Air pollution is an invisible killer. It is also a dangerous threat to children’s health and growth. Yet the unhealthy air is hard to see and its slow destruction on children’s health are hardly alerted.
Globally, 93% of all children under 15 years of age breathe air that is so polluted every day it puts their health and development at serious risk, according to a report published by the World Health Organization (WHO) in 2016.
WHO also estimates 600,000 children died from acute lower respiratory infections caused by polluted air. Other key findings of the report state that air pollution is one of the leading threats to child health, accounting for almost 1 in 10 deaths in under five years of age.
Children are uniquely vulnerable to the damaging health effects of air pollution since they breathe more rapidly than adults, that means they absorb more pollutants. The height of a kid is closer to the ground where some pollutants reach peak concentrations.
Air pollution can trigger asthma and damage our lungs. While children are still developing, exposure to dirty air also harms their brain development, leading to cognitive and motor impairments. It also put them at higher risk for chronic disease such as cardiovascular disease later in life.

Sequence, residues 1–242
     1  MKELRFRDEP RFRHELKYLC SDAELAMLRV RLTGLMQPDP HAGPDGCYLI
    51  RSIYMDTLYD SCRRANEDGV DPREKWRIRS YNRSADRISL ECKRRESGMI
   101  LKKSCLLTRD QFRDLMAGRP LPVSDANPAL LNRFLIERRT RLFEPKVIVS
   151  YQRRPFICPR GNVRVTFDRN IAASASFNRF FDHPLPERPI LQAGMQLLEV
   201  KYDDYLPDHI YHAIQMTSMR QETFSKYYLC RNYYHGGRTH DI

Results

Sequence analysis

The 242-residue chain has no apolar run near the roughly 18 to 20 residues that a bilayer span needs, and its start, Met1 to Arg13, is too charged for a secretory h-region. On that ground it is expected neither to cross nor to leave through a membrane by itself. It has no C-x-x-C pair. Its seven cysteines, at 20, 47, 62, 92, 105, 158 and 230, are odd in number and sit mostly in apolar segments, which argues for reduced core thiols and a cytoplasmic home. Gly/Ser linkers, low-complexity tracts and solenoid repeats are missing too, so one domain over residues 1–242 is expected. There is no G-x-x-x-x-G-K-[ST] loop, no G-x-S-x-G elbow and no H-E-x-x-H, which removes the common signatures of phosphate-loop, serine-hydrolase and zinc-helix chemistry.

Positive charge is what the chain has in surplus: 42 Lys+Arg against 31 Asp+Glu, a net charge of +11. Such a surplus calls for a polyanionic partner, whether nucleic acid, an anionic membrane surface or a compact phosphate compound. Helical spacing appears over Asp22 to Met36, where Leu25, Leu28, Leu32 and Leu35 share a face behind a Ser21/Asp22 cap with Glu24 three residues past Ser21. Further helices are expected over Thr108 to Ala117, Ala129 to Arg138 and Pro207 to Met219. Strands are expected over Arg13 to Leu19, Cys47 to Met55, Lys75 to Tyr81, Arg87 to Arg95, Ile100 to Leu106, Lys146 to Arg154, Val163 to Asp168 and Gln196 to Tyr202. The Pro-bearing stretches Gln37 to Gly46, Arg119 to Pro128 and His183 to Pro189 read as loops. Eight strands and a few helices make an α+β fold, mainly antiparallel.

Indeed, health threats and premature death correlated with air pollution are avoidable if prohibition and pollution control takes place. Clean Air Network implements an education program “Let Our Children Breathe” focusing on roadside pollution issues and the air quality of the school environment in Sham Shui Po district. The main goal of this program is to improve the air that children are breathing and keep them staying healthy.
Photo/ Tin Yau Lung